‘Maman Colonelle’ documents Congolese efforts to reduce sexual abuse
World Council of Churches
GENEVA — The feature-length documentary Maman Colonelle, directed by Dieudo Hamadi, has received the Human Rights Award 2017 from the World Association for Christian Communication (WACC), and SIGNIS, a worldwide association of Catholic communicators.
The film highlights the courage of one person to fight against sexual abuse in the Democratic Republic of Congo (DRC). The eastern portion of the DRC faces particular challenges in sexual violence towards women. There are hundreds of thousands of victims, young and old, facing crushing psychological, physical and social consequences. The film depicts the ways in which society blames them and does not see them as the victims they are, therefore denying them justice and human rights.
The film was recognized for its efforts to restore human dignity and peace, not only to women who suffered war crimes but also because it portrays the Congolese as taking the initiative to work for a better society.
Maman Colonelle follows a Congolese police officer, Honorine Munyole, who is responsible for a special but small unit for the protection of women and children in Bukavu in Eastern Congo, known for its high frequency of rape.
The documentary begins with her transfer from Bukavu to Kisangani. In Bukavu she was respected by everyone and had authority. Now, she has to do everything to gain the respect and trust of the local population, the women and above all the administration and the police department. She is determined, and she proves one can make a difference in a corrupt environment. She does all she can to empower the disillusioned women who want to be recognized as war victims.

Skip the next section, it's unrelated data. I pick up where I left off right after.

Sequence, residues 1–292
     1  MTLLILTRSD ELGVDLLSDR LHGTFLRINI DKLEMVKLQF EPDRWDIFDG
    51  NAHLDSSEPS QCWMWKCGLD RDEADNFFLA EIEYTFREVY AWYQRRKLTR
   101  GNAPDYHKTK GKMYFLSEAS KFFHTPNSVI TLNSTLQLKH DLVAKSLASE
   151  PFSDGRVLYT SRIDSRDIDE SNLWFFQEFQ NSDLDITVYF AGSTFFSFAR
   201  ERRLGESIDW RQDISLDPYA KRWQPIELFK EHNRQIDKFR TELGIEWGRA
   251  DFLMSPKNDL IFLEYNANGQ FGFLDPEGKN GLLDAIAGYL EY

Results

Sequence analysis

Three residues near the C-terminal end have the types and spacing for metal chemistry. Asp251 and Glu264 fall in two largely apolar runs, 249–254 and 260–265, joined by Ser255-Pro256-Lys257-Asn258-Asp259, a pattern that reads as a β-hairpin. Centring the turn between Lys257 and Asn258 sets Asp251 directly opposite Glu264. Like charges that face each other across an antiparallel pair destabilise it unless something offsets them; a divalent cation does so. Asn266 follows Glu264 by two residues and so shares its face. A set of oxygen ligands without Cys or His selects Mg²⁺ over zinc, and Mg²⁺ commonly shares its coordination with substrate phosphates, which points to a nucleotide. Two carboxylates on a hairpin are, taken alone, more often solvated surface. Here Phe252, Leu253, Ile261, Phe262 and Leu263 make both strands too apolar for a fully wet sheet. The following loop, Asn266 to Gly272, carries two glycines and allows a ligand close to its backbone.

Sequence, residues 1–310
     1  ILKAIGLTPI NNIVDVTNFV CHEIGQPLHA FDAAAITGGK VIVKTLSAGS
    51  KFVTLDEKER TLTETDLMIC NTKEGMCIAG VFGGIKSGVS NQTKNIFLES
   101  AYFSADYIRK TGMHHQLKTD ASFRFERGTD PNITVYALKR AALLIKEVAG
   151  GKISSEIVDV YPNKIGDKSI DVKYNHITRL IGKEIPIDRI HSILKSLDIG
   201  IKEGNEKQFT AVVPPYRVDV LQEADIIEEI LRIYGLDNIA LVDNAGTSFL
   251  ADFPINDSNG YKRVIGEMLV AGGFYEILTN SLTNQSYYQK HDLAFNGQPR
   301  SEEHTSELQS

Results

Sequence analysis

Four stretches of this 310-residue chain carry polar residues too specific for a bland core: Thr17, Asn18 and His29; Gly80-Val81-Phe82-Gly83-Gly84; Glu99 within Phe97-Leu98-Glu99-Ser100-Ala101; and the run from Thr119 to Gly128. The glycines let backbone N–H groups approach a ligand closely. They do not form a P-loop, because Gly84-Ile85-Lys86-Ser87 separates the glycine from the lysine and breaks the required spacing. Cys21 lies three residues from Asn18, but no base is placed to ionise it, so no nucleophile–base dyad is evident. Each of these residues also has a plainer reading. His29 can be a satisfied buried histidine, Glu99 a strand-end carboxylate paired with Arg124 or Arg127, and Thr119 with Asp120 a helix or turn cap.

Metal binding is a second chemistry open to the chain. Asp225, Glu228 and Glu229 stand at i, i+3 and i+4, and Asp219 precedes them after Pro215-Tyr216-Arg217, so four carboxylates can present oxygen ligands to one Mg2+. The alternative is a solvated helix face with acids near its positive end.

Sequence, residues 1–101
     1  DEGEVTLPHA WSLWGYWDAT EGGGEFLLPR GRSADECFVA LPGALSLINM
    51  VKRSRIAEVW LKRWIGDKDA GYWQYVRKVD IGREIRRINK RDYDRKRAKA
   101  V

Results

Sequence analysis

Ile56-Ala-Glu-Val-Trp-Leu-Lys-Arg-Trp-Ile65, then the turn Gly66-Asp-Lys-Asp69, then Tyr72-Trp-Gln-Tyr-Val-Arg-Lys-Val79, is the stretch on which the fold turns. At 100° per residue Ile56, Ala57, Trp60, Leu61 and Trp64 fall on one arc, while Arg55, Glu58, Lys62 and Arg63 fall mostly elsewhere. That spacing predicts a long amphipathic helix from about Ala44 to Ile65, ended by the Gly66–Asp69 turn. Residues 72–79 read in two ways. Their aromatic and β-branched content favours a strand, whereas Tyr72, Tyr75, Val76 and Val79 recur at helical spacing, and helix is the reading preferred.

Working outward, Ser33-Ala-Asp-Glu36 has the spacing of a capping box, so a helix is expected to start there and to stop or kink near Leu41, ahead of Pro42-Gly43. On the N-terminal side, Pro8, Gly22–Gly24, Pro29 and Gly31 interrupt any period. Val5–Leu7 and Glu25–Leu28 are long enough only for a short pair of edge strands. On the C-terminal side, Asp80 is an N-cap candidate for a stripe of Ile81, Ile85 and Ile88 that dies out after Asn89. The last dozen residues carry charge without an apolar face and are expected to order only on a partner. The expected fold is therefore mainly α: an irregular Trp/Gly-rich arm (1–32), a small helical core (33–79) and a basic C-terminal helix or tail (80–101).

The film has won many awards, including a commendation from the Ecumenical Jury at the Berlin International Film Festival in 2017.
Marianne Ejdersten, WCC’s director of communication and vice president of WACC Europe, said the film and others like it are vitally important in a world where violence, racism and nationalism are tightening their grip.
“WACC and SIGNIS believe this documentary offers a very human perspective on the horror of conflict situations that impact the lives of ordinary people, especially women,” she said. “Its human rights perspective is exemplary.”
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